Q: Dr. Eppley, I am asking to you about a procedure that you probably do not get asked about. So basically there is a plastic surgeon who advertises “shoulder widening” using the patients own bone. The technique is described as making an osteotomy in the bone and inserting a permanent titanium plate to stabilize the bone. I originally thought this was like limb lengthening but he seems to place a bone graft from another body part so it cannot be distraction osteogenesis correct? The technique involves a small incision in the skin overlying the clavicle; creation of an osteotomy (cut in the bone) and insertion of bone grafting material is performed, followed by fixation with a permanent titanium plate. Widening of the shoulders of up to one inch can be achieved.”
Would you ever preform something like this? I am interested in this and have done research on this. I understand even shoulder-shortening is possible. I saw someone ask you a shoulder shortening procedure question a few days ago so I just thought it was worth a shot to get your opinion and see if you would preform, thank you.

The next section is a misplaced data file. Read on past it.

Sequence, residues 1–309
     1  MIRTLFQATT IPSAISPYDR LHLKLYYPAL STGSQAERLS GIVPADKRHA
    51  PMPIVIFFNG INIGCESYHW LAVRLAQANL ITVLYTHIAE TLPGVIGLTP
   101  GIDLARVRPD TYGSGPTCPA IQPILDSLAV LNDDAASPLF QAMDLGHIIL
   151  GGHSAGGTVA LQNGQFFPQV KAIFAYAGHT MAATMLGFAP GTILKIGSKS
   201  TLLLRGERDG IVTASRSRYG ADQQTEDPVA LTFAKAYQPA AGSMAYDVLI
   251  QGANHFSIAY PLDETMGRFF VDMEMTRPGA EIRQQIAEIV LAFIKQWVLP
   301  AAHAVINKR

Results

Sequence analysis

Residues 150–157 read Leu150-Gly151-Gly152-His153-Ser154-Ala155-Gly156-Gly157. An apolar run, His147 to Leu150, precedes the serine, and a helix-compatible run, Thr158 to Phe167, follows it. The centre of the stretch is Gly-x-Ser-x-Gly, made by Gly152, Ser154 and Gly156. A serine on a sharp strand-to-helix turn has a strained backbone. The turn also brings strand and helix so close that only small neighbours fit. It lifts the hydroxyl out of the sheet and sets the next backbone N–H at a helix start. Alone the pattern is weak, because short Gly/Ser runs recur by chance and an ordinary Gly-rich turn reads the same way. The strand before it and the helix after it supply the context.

A: What you are referring to is a clavicular osteotomy with the placement of a bone graft and plate fixation for stabilization. You are correct that this is not distraction osteogenesis but a straightforward osteotomy and bone grafting. While I have never performed it I can not speak as to its effectiveness. But it would seem that it would provide a shoulder widening effect whose increase would be the separation of the bone ends and the width of the interpositional grafts.
Dr. Barry Eppley